With substantial restrictions for everyone on the circumstances in which we can leave our homes, and many businesses being forced to close, the Chancellor has announced a scheme to reimburse up to 80 per cent of the cost of the wages of ‘furloughed workers’.

What is a ‘furloughed worker’?

Anyone designated as a ‘furloughed worker’ will remain on your payroll, rather than being laid off. However, they will not carry out any work for your business or organisation. There is no option to keep them working on reduced hours.

They will generally be people who would otherwise be at risk of being laid off or being made redundant.

Furloughed employees will still accrue continuous service and will still be entitled to the usual terms and conditions of their employment, other than pay and benefits. This means that their contractual notice period remains in effect during a period of furlough and they would remain entitled to statutory redundancy payment in the event they are made redundant during their furlough.

How do I designate an employee as a ‘furloughed worker’?

You will need to notify the relevant employee that you are changing their employment status to ‘furloughed worker’.

Designating someone as a ‘furloughed worker’ remains subject to the provisions of existing employment law and their contract of employment and so, because ‘furlough’ is a new concept, in most circumstances, it will be necessary to agree to a furlough with the employee concerned. This agreement should ideally be made in writing.

An employee cannot designate themselves as a ‘furloughed worker’.

Can I force someone to become a ‘furloughed worker’?

This is unlikely, but where the alternative is that they will lose their employment entirely, owing to being at risk of lay-off or redundancy, fewer workers are likely to decline to be designated as a ‘furloughed worker’.

What do I get if I designate an employee as a ‘furloughed worker’?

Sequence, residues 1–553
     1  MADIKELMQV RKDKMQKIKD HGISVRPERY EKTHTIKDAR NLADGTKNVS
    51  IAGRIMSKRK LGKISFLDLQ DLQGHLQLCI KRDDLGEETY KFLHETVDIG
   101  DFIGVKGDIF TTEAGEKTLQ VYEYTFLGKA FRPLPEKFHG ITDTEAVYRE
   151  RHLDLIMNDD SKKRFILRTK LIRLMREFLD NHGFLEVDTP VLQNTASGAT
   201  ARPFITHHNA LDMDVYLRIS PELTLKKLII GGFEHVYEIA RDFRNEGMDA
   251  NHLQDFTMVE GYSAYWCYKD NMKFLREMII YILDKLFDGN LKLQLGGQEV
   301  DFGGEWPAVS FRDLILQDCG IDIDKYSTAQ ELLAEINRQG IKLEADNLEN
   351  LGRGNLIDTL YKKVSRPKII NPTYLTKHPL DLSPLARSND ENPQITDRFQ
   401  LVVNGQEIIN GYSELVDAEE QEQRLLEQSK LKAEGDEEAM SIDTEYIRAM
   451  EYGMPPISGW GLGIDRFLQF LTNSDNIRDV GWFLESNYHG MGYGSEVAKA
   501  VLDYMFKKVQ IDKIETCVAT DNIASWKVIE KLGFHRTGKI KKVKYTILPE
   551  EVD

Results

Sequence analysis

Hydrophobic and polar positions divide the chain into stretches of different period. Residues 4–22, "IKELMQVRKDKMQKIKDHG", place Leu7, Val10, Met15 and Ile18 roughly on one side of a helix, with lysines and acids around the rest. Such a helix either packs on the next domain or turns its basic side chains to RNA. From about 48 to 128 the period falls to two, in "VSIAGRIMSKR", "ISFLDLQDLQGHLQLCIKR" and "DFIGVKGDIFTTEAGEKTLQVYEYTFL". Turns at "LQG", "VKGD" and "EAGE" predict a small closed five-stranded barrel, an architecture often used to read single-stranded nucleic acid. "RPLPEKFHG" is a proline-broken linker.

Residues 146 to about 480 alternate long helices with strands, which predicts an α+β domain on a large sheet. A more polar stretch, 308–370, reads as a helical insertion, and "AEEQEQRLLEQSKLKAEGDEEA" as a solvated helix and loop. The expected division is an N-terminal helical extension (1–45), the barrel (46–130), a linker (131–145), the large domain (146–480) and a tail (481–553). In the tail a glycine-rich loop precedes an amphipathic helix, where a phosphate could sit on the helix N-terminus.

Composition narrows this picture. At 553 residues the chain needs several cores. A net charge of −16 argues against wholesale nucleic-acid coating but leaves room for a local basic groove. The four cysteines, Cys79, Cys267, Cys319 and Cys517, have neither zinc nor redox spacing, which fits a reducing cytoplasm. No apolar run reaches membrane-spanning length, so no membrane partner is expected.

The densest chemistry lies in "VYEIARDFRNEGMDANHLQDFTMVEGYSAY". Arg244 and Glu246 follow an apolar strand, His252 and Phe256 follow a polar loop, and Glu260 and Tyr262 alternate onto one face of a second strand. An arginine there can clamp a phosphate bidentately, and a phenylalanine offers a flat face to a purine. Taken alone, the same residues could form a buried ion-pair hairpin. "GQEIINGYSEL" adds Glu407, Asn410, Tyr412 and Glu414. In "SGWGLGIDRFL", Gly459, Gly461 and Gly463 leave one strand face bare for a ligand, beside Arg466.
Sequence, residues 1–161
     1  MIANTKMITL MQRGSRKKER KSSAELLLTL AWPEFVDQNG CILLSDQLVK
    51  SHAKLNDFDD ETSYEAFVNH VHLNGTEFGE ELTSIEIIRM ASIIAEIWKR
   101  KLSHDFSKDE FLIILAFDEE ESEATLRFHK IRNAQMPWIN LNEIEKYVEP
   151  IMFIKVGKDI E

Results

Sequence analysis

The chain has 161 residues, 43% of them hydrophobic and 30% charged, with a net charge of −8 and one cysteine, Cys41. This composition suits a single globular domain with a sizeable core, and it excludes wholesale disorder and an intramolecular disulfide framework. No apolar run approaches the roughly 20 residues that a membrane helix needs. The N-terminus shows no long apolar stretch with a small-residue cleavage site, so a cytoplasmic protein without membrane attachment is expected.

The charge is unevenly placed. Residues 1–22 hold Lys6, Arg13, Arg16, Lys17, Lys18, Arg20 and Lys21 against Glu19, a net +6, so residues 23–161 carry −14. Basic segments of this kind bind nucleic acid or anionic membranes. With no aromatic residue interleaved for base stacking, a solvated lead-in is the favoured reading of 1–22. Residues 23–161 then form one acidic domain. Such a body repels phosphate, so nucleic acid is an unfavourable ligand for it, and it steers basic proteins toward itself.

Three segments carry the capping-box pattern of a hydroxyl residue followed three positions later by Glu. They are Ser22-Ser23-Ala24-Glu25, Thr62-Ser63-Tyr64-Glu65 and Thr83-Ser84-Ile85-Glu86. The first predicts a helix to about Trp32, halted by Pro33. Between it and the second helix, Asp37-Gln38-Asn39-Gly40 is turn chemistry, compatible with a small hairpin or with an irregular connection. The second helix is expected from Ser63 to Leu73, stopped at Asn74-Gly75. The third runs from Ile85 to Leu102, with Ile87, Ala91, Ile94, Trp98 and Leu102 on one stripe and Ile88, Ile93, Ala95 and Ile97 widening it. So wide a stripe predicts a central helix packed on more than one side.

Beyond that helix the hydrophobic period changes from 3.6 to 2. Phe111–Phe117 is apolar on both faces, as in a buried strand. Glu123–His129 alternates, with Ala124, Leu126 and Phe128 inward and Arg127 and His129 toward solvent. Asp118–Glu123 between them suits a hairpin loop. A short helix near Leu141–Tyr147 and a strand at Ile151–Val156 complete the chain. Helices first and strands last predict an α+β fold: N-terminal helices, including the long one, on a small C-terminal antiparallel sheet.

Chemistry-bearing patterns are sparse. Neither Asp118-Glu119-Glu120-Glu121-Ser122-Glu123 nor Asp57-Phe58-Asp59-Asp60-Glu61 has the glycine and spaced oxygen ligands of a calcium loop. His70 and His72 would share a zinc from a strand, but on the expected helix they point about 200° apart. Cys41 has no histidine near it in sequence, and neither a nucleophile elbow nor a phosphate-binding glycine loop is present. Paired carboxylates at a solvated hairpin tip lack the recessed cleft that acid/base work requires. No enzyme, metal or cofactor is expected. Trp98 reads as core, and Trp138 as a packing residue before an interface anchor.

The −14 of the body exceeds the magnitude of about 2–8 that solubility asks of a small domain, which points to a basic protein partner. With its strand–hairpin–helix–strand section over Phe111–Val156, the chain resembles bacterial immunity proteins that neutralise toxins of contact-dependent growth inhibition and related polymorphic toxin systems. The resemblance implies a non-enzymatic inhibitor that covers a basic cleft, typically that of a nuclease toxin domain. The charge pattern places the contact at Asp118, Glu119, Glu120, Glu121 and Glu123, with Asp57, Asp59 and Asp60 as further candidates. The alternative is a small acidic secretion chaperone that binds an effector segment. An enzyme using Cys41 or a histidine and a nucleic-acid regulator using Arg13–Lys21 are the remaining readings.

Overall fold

HM Revenue & Customs will provide you with a sum equivalent up to 80 per cent of each furloughed workers’ total wage costs, up to a limit of £2,500 a month, for three months initially, backdated to 1 March 2020. This includes National Insurance Contributions and Pension Contributions.

Can I pay the ‘furloughed worker’ more than 80 per cent of their usual salary?

Yes – you are free to do so if you wish but you are not required to do so. For higher-earning employees who are paid more than £2,500 a month, this could be very expensive. However, this cost needs to be balanced against the benefit of helping to retain that employee in the business.

Can workers be brought back to the business and placed on furlough where they have been dismissed owing to a lack of work?

It appears that this will be possible if the employer agrees to bring the employee back and keep them on the payroll. The cut-off date for employees dismissed in these circumstances is 28 February 2020.

How do I apply to the scheme?

HMRC is setting up a new online portal through which you will be able to make applications. The Government has said that it will be ready in time for the first payments under the scheme to reach businesses before the end of April.

What information do I need to provide?

Full details of the information that you will need to provide to access funds under the scheme have not yet been announced. However, we anticipate that you will need to provide the below:

  • The employee’s name
  • National Insurance Number
  • The amount they have been paid in at least each of the last three months of normal employment
  • Contract details, such as whether their employment is permanent or temporary and whether they work part-time or full time
  • The date they were designated as a ‘furloughed worker’
  • The date that they will cease to be designated as a ‘furloughed work’ if this is known.

For detailed advice and for help to manage your payroll and access the scheme, please contact our payroll team here

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Posted in Business News, Covid-19, Covid-19 - Job Retention Scheme & Furloughing, Latest Business News, Latest News.